Mandolin and Guitar painting by Dennis Buckhannon
 

The Buckhannon Brothers

Good Old-Time Mandolin & Guitar

Dennis and Curtis Buckhannon became hooked on old time music so long ago that neither of them can remember exactly how it happened. Old-time music is not just what they play: it's a part of who they are.


Vocationally, Dennis is a union painter and Curtis is employed at a pharmaceutical company. But after their work days are done, the brothers break out their instruments, and together they create music founded on their sincere commitment to preserving traditional old-time mandolin and fiddle music that is indigenous to Missouri and the Midwest region at large.

As youngsters, the brothers listened to their Dad's bluegrass and country music recordings and taught themselves to pick the tunes on guitars. When they were in their late teens, Curtis acquired his first mandolin and began playing old-time music. During that time there were quite a few old-time fiddlers in rural Missouri and Illinois; the brothers learned many of their tunes from these musicians as well as from field recordings. They loved old-time music and spent a lot of time playing it with friendsóboth young and oldósharing good tunes and good times. Curtis still makes a habit of meeting mandolin players and fiddlers wherever he goes, adding their tunes to the brothers' repertoire.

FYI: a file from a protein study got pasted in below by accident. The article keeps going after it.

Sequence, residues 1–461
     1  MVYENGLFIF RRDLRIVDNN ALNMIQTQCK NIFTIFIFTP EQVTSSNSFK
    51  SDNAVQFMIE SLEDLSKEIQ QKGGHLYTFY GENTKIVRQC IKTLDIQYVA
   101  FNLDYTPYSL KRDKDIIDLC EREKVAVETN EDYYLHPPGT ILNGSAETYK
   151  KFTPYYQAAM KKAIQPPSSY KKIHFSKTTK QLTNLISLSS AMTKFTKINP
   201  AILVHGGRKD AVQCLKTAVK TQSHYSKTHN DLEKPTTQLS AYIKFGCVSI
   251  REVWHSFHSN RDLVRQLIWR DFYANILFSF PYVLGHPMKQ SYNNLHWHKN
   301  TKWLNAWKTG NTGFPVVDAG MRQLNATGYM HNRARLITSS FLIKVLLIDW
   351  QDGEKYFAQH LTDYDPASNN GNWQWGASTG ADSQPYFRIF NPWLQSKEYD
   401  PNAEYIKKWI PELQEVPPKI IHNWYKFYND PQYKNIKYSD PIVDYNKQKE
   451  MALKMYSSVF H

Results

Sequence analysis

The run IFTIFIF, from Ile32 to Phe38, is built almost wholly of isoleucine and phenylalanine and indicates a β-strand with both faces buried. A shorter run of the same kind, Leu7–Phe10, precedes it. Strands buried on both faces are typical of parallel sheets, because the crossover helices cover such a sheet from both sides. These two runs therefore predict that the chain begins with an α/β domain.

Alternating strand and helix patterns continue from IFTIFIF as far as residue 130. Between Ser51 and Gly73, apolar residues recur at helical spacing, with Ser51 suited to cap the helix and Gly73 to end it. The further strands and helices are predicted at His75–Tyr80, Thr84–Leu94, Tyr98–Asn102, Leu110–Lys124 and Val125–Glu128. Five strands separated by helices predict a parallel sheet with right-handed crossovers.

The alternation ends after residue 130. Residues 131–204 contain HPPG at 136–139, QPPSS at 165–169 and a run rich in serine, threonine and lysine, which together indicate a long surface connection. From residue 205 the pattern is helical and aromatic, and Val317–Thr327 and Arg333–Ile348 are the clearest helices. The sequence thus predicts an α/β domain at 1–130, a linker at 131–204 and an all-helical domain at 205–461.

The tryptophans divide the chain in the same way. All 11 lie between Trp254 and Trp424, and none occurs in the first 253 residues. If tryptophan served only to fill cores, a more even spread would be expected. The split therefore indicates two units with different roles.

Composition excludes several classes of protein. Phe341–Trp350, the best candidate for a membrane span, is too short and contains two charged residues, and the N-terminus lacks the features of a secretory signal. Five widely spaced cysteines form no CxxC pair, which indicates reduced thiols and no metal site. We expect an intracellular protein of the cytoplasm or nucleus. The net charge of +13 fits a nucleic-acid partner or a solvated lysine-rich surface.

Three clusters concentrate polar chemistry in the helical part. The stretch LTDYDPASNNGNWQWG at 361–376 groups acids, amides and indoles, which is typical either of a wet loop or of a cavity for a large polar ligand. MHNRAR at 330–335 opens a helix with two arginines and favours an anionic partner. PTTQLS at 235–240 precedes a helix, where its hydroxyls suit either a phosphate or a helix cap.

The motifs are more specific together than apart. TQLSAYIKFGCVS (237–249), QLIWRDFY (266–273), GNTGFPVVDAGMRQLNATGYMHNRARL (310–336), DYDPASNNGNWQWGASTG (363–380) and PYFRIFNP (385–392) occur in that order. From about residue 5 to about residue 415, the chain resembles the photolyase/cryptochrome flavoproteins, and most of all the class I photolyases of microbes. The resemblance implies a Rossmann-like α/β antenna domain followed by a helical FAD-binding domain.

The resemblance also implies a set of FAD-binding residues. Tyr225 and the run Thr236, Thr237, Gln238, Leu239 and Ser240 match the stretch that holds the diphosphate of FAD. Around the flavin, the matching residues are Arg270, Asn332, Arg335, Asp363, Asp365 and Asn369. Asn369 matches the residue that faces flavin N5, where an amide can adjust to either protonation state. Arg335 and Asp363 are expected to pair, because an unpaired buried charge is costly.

From left to right:
Lindell Blackford, Dennis, Emily Buckhannon,
Rich Hibbs, Curtis
In 1973, Curtis and Dennis formed an old-time string band called Cousin Curtis and the Cash Rebates. They had five pickers (fiddle, bass, mandolin, guitar and banjo) and frequently played for square dances and local establishments. The Cash Rebates are still playing today and although the membership has gone through several permutations, Curtis and Dennis remain at the center of the band. Since the late 1980's, Curtis also plays with the Ill-Mo Boys.


Today, the Buckhannon Brothers perform in St. Louis as well as around east central Missouri and southern Illinois for square and line dances. They teach and call old-time square dances as well. The brothers perform at numerous old-time national music festivals, and have been instrumental (pun intended) in several projects dedicated to the preservation of old-time string band music, such as field recordings produced by the Missouri Friends of the Folk Arts (University of Missouri at Columbia archives). Their talents as old-time musicians have been preserved for posterity on recordings archived in the Library of Congress and their recordings have been used as authentic auditory complements to two historical documentaries!

Little River Stomp, a marvelous CD recording of instrumental mandolin and guitar renditions of fairly obscure old-time tunes was recorded to help preserve an important element of American folk music: a fitting project for two brothers dedicated to performing traditional music together.

 

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